Unfortunately, the country is moving in the wrong direction. The government is getting bigger and getting more involved in the economy and our lives. We are spreading ourselves around the world even more. The crises we have now with the terrorists' attack has given us the chance to reassess this. Instead, again we are using it to do the things that we should not be doing. The government is making further intrusion in personal liberty and a further expansion of military power around the world.

To turn that tide and get us disentangled we would have to have a different type of Congress. Unfortunately, we don't have a different type of Congress so it will continue. The next group in will be influenced by the same people who think it is our oil over there and we have to keep a navy in the Persian Gulf and so forth. I don't think in the next generation that Congress will become wise enough and brave enough to do the right thing. We could just deny them funds and then it would be all over! That may happen anyway. It could be during that next generation that we will go broke and not be able to afford it. That is the way it will most likely happen. The government is only going to be held back when the people tell them they won't put up with them any more.

Technically we are broke now but our credit is still good. A lot of people are broke and lots of companies are broke but they keep going. Enron was broke but they functioned rather well until September 2001. They said they were making a lot of money but it was all fictitious. There were not any real assets. That is the way the country is. There is a false confidence in our economic system, our dollar and our military might. The economy perks along, although slower. We can borrow and tax. We have a strong currency because there is a lot of trust in it. If people decided that there is something seriously wrong and panicked, they would dump our dollars. That would give us a huge inflation and no matter how much we taxed, we would never keep up with taking care of all of the people on welfare, Social Security, Medicare and Medicaid and subsidies. There is no way that just printing money would save us that if the confidence in our dollar is lost. Now we are moving into a new era. Our homeland has been attacked and that means that we are more vulnerable. If our dollar gets attacked there will be major changes. I would not be surprised if those changes come in the next ten years.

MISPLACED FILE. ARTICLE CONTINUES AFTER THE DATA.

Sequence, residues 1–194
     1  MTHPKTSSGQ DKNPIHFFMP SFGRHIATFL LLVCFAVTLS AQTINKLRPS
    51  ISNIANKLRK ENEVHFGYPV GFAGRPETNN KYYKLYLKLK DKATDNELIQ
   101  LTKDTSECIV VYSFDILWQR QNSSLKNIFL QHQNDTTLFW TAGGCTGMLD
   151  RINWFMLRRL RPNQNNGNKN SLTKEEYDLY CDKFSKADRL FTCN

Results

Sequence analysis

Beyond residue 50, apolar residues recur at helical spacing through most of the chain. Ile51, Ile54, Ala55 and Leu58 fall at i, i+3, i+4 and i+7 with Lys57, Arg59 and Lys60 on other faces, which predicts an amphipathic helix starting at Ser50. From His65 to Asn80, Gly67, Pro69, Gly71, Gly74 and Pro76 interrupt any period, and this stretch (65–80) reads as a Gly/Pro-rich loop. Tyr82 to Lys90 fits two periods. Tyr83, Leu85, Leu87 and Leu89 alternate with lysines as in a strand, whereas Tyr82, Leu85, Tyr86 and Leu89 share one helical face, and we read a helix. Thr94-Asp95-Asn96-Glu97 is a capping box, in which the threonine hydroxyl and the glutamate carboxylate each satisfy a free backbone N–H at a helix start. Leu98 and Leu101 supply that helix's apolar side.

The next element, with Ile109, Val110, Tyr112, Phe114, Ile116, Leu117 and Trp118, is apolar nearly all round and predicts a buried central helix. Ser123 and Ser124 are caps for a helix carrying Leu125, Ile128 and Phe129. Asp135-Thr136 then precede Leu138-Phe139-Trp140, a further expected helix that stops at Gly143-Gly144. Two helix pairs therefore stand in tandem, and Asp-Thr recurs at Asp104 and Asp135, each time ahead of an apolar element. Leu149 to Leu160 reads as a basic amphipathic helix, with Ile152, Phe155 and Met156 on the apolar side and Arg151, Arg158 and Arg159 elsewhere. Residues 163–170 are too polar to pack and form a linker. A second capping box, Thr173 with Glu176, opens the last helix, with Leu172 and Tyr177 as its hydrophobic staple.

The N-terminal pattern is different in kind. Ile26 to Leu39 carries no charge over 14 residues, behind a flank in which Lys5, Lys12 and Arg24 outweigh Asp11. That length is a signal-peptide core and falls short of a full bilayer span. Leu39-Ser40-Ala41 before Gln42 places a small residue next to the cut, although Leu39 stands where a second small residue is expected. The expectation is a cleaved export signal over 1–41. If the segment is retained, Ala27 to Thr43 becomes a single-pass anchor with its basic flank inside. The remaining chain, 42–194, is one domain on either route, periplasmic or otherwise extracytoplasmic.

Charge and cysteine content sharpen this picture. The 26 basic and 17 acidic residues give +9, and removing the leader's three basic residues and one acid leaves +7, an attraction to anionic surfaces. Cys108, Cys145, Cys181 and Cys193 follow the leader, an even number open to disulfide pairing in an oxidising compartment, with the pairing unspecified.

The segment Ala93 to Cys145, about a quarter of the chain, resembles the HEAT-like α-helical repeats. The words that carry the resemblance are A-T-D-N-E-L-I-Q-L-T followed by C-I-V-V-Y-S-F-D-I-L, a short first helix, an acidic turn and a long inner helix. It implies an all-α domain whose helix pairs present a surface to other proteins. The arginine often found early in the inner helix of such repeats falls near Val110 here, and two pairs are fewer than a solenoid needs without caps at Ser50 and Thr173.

Individuals have to live within their means. You and I are limited by the market, and limited much faster. For example, banks stop loaning to us or we lose our job or something like that. The government doesn't live within its means because it has two tools we don't have. They can print money and they have guns to collect money. If we did either of those we would go to jail. The government gets away with running huge deficits for a lot longer but the economic principles are the same. When it finally hurts and there is a correction they cause a lot more harm. What you do to yourself is only hurting yourself. When governments mess up and suddenly it doesn't work, that is really dangerous. We have people dependent and conditioned to think they are entitled to the benefits from the government. When the government can no longer take care of everyone getting benefits, many are really hurt. They will demand it and there will be riots, screaming and gnashing of teeth because the politicians have not taken care of them.